This map allows you to compare premium assistance across age, income, and location for the ACA and the AHCA in 2020.  The AHCA does not adjust premium assistance based on income or geographic location.  Under the AHCA, a 40-year-old who makes $20,000 receives the same $3000 premium assistance as a 40-year-old making $75,000.  Depending on where you live, this could pay your whole insurance premium or only a portion of it. 

Click here to compare your costs now with what they would be under the AHCA. 

 

How Many People Are Affected by Obamacare
Premium Increases? (Hint, It’s Fewer Than You Think)

Why the urgency to replace the Affordable Care Act? Republicans claim that premium increases are driving this choice. But how many people are actually affected by premium increases?

This interactive infographic explains that only 3% of people are affected by rising premiums.  

Read more How Many People Are Affected by Obamacare Premium Increases? (Hint,
It’s Fewer Than You Think)
 By Troy Griggs, Karen Yourish, and Margot Sanger-Katz. March 9, 2017.

 

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Washtenaw County Opposes Repeal or Weakening of the Affordable Care Act

The Washtenaw County Board of Commissioners passed a resolution Feb. 1 to oppose any repeal or weakening of the Affordable Care Act (ACA). The resolution cited the vast number of county residents the ACA has helped, as well as the local economic opportunities it has provided.

“The Affordable Care Act is helping people – the uninsured rate in Washtenaw County has dropped by half since 2010,” says Andy LaBarre, chair of the Washtenaw County Board of Commissioners. “As a community, we want to support residents’ health and productivity. Maintaining what we’ve gained with respect to affordable health coverage is one clear way to do this.”

The Affordable Care Act is helping people – the uninsured rate in Washtenaw County has dropped by half since 2010.
— Andy LaBarre, Chair of the Washtenaw County Board of Commissioners

The Washtenaw County Board of Health also passed a similar resolution.

“A repeal of the ACA would be detrimental to Washtenaw County in so many ways.” says Felicia Brabec, Washtenaw County Commissioner and member of the Washtenaw County Board of Health. “More people have affordable coverage, and that coverage is not necessarily tied to their employer. This encourages entrepreneurship. It also promotes preventative health care and mental health in our community.”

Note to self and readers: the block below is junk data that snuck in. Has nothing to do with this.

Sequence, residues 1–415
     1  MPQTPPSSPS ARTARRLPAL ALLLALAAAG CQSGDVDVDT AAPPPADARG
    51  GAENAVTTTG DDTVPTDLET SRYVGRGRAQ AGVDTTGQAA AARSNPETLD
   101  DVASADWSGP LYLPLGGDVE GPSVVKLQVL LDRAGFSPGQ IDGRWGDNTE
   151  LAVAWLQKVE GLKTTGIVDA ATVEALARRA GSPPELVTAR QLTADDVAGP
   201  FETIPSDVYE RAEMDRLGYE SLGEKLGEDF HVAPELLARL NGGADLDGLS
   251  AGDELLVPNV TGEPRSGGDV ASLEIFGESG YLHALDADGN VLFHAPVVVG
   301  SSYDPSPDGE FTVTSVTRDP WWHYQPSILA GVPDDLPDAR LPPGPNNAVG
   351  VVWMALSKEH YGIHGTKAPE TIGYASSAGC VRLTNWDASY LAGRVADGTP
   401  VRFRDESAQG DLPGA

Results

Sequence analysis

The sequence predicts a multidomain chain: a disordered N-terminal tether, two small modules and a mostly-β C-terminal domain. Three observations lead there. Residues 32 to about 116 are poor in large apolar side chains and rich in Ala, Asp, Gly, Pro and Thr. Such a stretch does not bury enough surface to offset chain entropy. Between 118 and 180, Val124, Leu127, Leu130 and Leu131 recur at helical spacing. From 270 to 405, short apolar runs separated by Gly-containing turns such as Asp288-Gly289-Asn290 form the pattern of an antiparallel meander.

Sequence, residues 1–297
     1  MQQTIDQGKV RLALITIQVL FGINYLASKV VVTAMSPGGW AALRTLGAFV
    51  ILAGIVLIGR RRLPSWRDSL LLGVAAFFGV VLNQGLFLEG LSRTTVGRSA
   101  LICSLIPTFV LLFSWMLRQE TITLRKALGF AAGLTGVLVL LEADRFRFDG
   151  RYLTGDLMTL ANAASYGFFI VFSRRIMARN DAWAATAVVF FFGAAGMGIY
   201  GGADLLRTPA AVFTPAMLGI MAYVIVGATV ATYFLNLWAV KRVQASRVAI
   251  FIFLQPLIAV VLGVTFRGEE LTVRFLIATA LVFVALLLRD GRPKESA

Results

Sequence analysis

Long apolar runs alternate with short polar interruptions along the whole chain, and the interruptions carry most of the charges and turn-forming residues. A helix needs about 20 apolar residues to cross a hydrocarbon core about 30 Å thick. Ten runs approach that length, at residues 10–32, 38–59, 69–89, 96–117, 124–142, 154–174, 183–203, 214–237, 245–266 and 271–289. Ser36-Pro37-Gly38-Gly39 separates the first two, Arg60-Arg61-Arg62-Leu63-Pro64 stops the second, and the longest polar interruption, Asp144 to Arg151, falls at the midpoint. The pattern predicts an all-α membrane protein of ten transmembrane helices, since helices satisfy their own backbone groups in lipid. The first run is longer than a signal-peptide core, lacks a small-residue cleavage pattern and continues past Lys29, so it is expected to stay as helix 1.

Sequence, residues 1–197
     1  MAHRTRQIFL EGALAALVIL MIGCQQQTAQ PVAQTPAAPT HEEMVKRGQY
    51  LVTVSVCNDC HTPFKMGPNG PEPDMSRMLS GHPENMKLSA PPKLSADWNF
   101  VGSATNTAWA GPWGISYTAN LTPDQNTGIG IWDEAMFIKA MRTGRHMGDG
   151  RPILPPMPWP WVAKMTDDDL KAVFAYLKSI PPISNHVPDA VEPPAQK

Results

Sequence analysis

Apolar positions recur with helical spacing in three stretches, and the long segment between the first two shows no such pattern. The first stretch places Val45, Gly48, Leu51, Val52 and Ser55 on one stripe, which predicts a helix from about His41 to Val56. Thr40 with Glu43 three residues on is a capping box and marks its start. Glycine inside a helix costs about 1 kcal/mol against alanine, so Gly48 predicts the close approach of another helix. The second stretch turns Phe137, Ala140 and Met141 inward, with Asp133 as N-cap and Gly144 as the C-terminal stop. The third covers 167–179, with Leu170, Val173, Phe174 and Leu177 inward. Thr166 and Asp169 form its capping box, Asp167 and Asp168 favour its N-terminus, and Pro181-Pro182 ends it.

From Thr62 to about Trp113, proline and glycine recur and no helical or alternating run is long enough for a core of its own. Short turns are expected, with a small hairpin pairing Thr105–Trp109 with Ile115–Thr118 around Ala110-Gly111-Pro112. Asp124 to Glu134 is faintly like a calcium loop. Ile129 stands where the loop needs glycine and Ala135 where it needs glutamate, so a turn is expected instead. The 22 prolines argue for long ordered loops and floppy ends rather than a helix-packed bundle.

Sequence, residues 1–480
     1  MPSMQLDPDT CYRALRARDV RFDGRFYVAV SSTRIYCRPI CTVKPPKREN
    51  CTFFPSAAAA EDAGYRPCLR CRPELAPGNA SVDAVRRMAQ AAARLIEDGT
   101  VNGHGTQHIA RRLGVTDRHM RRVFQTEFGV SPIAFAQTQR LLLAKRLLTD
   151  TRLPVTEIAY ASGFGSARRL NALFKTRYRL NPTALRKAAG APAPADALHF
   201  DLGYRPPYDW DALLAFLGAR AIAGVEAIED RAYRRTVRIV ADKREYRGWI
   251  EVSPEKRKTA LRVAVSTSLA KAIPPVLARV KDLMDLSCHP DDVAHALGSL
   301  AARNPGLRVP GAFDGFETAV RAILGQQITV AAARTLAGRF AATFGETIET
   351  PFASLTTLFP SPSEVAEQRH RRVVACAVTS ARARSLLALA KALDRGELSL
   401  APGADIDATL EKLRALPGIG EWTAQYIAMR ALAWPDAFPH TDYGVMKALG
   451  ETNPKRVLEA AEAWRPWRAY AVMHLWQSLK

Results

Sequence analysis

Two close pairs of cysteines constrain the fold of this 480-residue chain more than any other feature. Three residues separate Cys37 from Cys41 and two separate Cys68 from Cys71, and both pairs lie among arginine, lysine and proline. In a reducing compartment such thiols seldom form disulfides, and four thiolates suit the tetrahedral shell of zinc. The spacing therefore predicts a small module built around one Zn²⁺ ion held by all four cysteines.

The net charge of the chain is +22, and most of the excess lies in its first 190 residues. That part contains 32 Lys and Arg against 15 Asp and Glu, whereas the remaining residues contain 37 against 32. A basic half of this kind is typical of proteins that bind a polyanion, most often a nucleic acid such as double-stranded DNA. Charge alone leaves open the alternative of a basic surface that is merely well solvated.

The Washtenaw Health Plan sent a letter encouraging the continuation of the ACA, and supporting additional efforts to strengthen access to care, to federal legislators. The Board of Commissioners also resolved to send the resolution to the federal and state legislative delegations representing Washtenaw County.

Both the resolution and the letter outline how the Affordable Care Act has benefited Washtenaw County. For example, over 16,000 individuals in Washtenaw County have enrolled in the Healthy Michigan Plan (the Medicaid expansion), and 13,500 have enrolled in Marketplace insurance. That is nearly one in ten Washtenaw County residents who now have insurance due to the Affordable Care Act.

The Affordable Care Act also benefits those who are self-employed or whose employers do not offer them insurance, young adults up to age 26 who can stay on their parents’ health plans, and individuals with pre-existing conditions. A University of Michigan study found that the Medicaid expansion has created 30,000 jobs, and has provided $2.3 billion in economic activity across the state.

For personal testimonies of how the ACA has helped individuals locally, watch these two videos, created by the Washtenaw Health Plan and Washtenaw County Public Health, about a dance instructor and a graduate student who were able to find insurance through the ACA. 

Want to tell your story of how the Affordable Care Act helped you? Email us directly!